The odds of becoming an Olympian, according to past president and co-founder of the International Society of Olympic Historians Bill Mallon, is roughly 1 in 500,000. In other words, there’s a better chance of finding 50 four-leaf clovers than participating at the crème de la crème of athletic spectacles.

Yet Illinois State University can claim a connection to two athletes who beat the odds and represented their countries at the Summer Olympic Games in Tokyo.

Aisha Praught Leer ’12 wore the black, green, and yellow of Jamaica on the track as she competed in the 1,500-meter run. Women’s basketball player Jada Stinson, suiting up as a grad transfer from Arkansas State this winter for the Redbirds, represented a Puerto Rico team making the Olympic tournament for the first time.

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The Games were held without spectators due a coronavirus (COVID-19) case increase in Japan’s capital city. But being an Olympian is a title so very few athletes can claim, and that’s special whether or not fans were there. Getting that confirmation was just as meaningful to the athletes who realized their dreams.

“I was just like, ‘wow, I’m really going to the Olympics,’” Stinson said.

This was Praught Leer’s second Olympic Games. The former All-American runner at Illinois State also competed for Jamaica in the 2016 Olympics in Rio de Janeiro, except in the 3,000-meter steeplechase.

Praught Leer—a Department of Geography, Geology, and the Environment graduate—switched events in 2019 and opted for the shorter distance. Her best collegiate race came at a similarly distanced event, the mile run, at the 2012 NCAA indoor track and field championships in Nampa, Idaho.

“I was just like, ‘wow, I’m really going to the Olympics.”

Jada Stinson

Her itinerary looked a little different that day than it presumably did after her Tokyo run. After placing second in 4 minutes, 37.77 seconds—a school record by nearly eight seconds—Praught Leer boarded a plane at 5 a.m. the next day for Texas.

Despite nearly winning a national championship that was broadcast on ESPN hours earlier, Praught Leer headed straight for a dig to complete her summer field experience.

“To do extraordinary things, you’ve got to be a special person,” Illinois State cross country and track and field coach Jeff Bovee said.

“Special people aren’t necessarily born that way. She’s just really somebody that has taken advantage of every opportunity that has come her way. She doesn’t pass up any experience.”

Bovee could always count on Praught Leer rising to the occasion. He saw it countless times at Illinois State, and said she was perhaps the very best he’s ever coached at learning to grow with expectations on the big stage.

Praught Leer, who obtained Jamaican citizenship after connecting with her birth father from Jamaica shortly after her college career, has carried that mindset off the track. She has spoken openly about her heritage through her social media, interviews, and sponsorships.

Praught Leer has embraced an advocacy role for young women of color. Her promotion of the sport embodies both the Olympic spirt and what it means to be a Redbird student-athlete.

“She’s always been confident, but to see her grow and be an advocate for so many others who need support, that’s just refreshing to see, and she’s so approachable,” Bovee said. “Anybody who meets her just says ‘wow.’”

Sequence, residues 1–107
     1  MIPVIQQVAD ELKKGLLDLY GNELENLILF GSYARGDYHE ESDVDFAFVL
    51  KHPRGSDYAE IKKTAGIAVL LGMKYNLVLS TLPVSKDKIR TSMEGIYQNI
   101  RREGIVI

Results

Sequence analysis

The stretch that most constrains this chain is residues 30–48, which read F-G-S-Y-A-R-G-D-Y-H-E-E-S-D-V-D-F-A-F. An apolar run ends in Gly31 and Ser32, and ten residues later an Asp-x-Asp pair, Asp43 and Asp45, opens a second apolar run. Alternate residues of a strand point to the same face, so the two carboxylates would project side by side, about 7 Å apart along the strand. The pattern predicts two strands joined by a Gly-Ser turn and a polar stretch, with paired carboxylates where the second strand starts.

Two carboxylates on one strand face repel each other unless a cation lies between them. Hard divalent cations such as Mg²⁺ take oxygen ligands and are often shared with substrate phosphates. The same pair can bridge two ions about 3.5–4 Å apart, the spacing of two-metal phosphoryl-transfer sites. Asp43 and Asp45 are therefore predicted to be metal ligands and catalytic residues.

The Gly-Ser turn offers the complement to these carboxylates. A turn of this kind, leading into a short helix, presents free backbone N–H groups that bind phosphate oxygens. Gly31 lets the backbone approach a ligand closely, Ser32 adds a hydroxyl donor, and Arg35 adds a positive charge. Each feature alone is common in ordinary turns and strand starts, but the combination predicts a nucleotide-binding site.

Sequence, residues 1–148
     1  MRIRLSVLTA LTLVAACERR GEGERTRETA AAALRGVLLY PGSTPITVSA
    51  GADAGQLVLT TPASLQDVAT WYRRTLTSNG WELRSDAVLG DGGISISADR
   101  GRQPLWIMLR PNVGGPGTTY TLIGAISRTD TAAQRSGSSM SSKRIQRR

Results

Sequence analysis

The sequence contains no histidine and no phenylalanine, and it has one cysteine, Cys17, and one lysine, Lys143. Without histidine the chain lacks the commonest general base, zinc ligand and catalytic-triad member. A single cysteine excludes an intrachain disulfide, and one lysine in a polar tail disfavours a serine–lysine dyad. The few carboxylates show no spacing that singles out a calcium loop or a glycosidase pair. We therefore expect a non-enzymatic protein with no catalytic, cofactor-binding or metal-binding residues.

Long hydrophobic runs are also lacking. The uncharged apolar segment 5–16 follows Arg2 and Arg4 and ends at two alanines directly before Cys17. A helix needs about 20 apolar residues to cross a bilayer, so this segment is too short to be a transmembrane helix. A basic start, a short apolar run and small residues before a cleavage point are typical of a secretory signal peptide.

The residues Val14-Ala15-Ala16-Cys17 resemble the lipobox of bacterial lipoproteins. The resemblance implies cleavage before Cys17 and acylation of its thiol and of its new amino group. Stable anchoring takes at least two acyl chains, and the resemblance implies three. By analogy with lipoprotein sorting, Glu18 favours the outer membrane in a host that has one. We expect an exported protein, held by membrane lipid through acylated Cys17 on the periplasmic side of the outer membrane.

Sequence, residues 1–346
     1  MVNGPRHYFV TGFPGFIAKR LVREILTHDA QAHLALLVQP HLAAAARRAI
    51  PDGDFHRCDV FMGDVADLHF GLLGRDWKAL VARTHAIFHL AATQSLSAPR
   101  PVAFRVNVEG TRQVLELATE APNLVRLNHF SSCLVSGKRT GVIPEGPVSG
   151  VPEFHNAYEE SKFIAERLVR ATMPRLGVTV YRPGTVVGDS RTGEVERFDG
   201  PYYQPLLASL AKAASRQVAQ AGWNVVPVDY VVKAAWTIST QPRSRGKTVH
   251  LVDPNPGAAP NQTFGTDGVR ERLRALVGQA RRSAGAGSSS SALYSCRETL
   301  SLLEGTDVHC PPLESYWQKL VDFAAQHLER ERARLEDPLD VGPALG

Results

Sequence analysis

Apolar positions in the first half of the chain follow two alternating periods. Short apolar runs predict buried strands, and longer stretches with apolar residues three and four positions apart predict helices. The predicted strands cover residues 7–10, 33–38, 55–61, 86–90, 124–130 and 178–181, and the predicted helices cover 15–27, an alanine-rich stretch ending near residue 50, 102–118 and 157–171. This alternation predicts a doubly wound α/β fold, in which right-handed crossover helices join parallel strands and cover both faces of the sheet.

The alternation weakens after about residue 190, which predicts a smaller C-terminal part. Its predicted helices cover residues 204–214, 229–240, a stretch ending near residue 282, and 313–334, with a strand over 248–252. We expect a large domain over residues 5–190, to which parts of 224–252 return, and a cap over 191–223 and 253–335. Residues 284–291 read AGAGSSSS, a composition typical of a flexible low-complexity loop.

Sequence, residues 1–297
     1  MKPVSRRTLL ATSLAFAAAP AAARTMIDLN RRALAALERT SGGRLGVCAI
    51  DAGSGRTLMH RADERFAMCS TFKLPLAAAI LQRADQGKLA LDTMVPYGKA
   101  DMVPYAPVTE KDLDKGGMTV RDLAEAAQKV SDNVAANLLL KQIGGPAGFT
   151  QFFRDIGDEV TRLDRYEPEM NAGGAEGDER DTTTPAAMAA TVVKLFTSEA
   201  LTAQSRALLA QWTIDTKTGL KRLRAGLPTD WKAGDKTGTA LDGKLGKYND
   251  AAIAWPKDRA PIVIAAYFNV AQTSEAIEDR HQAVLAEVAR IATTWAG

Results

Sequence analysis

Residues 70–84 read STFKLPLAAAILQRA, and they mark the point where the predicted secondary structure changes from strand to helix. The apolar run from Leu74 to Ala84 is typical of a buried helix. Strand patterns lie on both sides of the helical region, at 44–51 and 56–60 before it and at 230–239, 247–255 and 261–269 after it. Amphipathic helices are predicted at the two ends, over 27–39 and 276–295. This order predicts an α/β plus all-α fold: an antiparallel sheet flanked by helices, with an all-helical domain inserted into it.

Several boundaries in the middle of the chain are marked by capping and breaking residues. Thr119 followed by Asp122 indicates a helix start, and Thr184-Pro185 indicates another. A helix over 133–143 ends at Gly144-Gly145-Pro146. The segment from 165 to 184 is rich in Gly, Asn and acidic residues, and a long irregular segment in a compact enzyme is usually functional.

Stinson played guard for a Puerto Rico squad that very well could be role models to young women in the country, as the island nation was represented in the Olympic women’s basketball tournament for the first time.

The team had breakfast at the governor’s residence, and she noticed people within the country recognizing the accomplishment.

That’s not lost on the graduate transfer who is at ISU earning a master’s degree in criminal justice sciences.

“It means a lot honestly just to be a part of history,” said Stinson, whose grandparents are from Puerto Rico. “It’s just been wonderful to represent Puerto Rico. I never thought I’d be able to do it.”

“It’s all a learning experience and I feel like that’s what I’m getting out of this the most. Whether it’s just like picking the brains of the veteran players or just simply watching and seeing how they play.”


It was a whirlwind for Stinson as soon as her collegiate season ended at Arkansas State, where she led the team averaging 12.6 points per contest. The Fayetteville, North Carolina, native—who played the 2017-2018 and 2018-2019 seasons at the University of Memphis—was first called up to the Puerto Rican national team in March for the Centrobasket Tournament in El Salvador. There, she averaged 14.5 points per game in four victories and was named to the All-Tournament Team. She then helped Puerto Rico finish second, behind the United States, in the FIBA Women’s AmeriCup tournament in June.

The youngest player on Puerto Rico’s roster during the Olympics, Stinson said the physicality at the international level was much more noticeable than the college game.

She hopes that translates to her game this winter at Illinois State as she muscles through the lane for the Redbirds. She also valued the opportunity to get advice from older, more experienced players.

“It’s all a learning experience,” Stinson said. “And I feel like that’s what I’m getting out of this the most. Whether it’s just like picking the brains of the veteran players or just simply watching and seeing how they play.”

While the Games are over, being an Olympian is something nobody can take away from Praught Leer or Stinson. Not only did they beat the odds to become Olympic athletes, but they embraced the responsibilities and privileges of representing their countries and Illinois State.